Chelsea were never going to win the Boxing Day derby against demoralised Arsenal… they had neither the hunger nor the eagerness, nor the pace, and it was clear – from the opening moments – that the Gunners were finally going to end their dismal downward spiral and gain three much-needed points… their first home win
Chelsea were never going to win the Boxing Day derby against demoralised Arsenal… they had neither the hunger nor the eagerness, nor the pace, and it was clear – from the opening moments – that the Gunners were finally going to end their dismal downward spiral and gain three much-needed points… their first home win since the start of November.
The Blues could have done so much better, but when Mason Mount scuffed the outside of Bernd Leno’s post with a centrally placed free kick, 25 yards out, in the 13th minute, it heralded an Arsenal surge that never let up.
With keener, younger players like Emile Smith Rowe and Gabriel Marinelli in for the likes of Pierre-Emerick Aubameyang and Nicolas Pepe, Arsenal hassled and harried Chelsea, denying possession and interrupting any hope of patient attack-building.
After Reece James tripped Kieran Tierney in the box, and Alex Lacazette scored from the spot, it was plain sailing for the north Londoners. James, pictured left on the press box mini-screen, put on an expression suggesting that he disagreed with the ref’s view of things. But in reality there was no disputing the decision.
That 35th-minute opener was followed just before the half-time break by a Granit Xhaka rocket free kick which flew in past the despairing Eddie Mendy in the Blues goal.
Despite Frank Lampard’s attempts to reverse the one-way traffic in the second half, by replacing Timo Werner and Mateo Kovacic with Callum Hudson-Odoi and Jorginho, Arsenal got a third in the 56th minute… Bukayo Saka drifting a cross/shot over Mendy’s head and in off the far stick.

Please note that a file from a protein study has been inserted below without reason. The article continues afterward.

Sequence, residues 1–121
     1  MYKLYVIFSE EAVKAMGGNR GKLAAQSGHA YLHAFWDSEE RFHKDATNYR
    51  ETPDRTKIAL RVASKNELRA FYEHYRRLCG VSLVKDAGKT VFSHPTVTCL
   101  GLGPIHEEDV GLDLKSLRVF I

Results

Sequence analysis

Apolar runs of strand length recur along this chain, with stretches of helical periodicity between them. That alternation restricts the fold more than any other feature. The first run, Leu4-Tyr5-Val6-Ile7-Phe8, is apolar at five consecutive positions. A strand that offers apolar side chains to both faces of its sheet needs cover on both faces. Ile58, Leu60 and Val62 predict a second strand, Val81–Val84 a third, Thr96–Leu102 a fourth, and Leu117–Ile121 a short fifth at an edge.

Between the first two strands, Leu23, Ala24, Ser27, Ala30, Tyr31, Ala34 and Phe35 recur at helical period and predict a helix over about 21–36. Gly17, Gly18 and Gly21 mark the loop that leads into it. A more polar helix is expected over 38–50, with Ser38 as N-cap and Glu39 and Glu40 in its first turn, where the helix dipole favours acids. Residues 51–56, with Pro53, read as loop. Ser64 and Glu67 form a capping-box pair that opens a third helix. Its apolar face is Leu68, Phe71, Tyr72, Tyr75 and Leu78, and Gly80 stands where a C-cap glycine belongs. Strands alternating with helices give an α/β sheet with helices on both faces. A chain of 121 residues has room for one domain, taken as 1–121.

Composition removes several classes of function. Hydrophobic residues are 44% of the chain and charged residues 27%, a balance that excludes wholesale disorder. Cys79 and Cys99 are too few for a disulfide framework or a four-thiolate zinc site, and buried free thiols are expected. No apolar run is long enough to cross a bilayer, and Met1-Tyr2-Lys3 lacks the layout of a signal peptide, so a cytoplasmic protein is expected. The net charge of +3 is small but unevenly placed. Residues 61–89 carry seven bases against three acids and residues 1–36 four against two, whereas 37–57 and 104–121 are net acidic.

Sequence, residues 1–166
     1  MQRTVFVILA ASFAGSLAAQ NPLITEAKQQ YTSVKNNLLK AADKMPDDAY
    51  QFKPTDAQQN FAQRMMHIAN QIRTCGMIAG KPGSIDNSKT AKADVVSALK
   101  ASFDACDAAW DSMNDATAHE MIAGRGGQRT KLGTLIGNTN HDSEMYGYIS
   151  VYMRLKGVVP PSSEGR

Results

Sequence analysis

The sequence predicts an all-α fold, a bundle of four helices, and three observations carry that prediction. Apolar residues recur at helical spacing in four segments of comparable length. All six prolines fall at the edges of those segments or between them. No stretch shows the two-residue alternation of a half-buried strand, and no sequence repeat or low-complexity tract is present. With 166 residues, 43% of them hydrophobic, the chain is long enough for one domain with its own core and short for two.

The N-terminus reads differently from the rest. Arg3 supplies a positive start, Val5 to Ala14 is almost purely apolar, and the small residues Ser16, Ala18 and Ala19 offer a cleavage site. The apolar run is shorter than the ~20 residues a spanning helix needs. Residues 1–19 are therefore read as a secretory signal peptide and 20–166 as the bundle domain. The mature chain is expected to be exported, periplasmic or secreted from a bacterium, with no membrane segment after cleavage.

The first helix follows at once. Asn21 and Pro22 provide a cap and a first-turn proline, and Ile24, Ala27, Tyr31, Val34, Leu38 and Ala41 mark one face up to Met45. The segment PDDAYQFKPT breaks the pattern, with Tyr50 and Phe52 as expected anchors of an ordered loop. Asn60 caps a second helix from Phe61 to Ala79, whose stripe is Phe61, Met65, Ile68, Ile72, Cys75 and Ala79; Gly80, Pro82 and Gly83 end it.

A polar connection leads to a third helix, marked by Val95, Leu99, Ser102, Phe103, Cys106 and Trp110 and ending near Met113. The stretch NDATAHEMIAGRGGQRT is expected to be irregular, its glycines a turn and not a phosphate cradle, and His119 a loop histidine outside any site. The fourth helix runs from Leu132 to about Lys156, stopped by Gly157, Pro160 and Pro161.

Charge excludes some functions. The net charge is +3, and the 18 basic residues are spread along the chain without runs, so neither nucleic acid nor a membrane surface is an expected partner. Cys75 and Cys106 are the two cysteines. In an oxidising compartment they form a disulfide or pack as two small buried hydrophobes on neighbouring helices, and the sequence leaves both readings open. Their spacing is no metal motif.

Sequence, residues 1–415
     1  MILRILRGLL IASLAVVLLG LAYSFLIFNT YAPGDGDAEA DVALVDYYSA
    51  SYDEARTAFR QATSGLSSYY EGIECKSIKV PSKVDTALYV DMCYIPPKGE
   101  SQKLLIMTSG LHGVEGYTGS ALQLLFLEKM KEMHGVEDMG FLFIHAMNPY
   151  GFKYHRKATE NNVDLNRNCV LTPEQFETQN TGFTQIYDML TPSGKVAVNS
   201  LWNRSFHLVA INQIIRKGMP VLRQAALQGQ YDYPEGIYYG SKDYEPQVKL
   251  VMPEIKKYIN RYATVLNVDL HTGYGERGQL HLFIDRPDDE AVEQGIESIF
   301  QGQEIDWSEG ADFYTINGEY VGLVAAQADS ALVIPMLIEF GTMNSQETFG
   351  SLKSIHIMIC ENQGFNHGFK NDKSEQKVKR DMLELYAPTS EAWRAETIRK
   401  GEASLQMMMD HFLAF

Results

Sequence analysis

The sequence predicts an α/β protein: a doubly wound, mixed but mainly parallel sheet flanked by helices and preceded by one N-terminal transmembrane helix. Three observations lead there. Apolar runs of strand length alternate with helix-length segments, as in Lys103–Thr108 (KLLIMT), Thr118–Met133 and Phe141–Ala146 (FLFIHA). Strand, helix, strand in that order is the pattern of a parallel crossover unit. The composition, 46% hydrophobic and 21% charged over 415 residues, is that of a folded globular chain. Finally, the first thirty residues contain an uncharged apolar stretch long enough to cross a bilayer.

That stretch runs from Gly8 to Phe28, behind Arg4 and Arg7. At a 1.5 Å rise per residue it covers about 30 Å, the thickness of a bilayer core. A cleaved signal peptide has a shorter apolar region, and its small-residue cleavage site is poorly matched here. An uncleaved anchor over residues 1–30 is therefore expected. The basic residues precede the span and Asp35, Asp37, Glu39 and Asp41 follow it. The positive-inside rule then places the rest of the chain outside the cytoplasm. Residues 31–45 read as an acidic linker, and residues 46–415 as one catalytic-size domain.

As rain from Storm Bella swept the empty stadium, Chelsea left their revival far too late.
Five minutes from time, Hudson-Odoi crossed for Tammy Abraham to convert. VAR established that he wasn’t offside, despite the linesman’s flag, so 3-1 it was. Moments later the momentum shifted, and Chelsea won a penalty. But Jorginho’s effort was tame, and easily held by Leno, and the comeback fizzed out during the five minutes that ref Michael Oliver added at the end.
Arsenal deserved their points. Their desperation was translated into a fierce determination to win every 50:50 ball, and all Chelsea’s Christmas Day training and tactical plotting was wasted.
“We were not good enough in the first half, better in the second half, but we’d left ourselves too much to do at that point,” said the Blues manager Frank Lampard with his customary insightful analysis. “I’m not sure if complacency is the right word, but there was definitely a lethargic approach to the first half… and you can’t turn up like that.”
The problem is, establishing why Chelsea were – in truth – second best from the first few passes after they had won the toss and kicked off.
“I am concerned what is at the bottom of it,” said Lamps. “If you come and play slow, on and off the ball, you have a big problem trying to get a result. The message was clear before the game, we had to attack it in the right way and we didn’t.”
What’s doubly frustrating is that Lampard realised very swiftly that all was not well, as Arsenal turned the screw from the start. But urgent whispered conferences with his sidekick Jody Morris couldn’t change anything in the first half, and the Gooners’ third goal early in the second undid the revised masterplan for the second.
After a lousy start to the season, this was just the result that Mikel Arteta needed to steady the ship. The disappointment for Lampard is that had Chelsea started with the fierceness and grit that Arsenal showed, this would have been a much closer contest.
Lampard was left contemplating a string of ‘what-ifs’. What if Olivier Giroud had been given the central start up front instead of the less muscular Abraham? And what if Hudson-Odoi had started, instead of Werner? Werner’s moves were too predictable, when the inventiveness and guile of Hudson-Odoi might have unlocked Arsenal’s defence.
Chelsea now entertain Aston Villa, with just 48 hours to regroup, recharge and reassess tactics.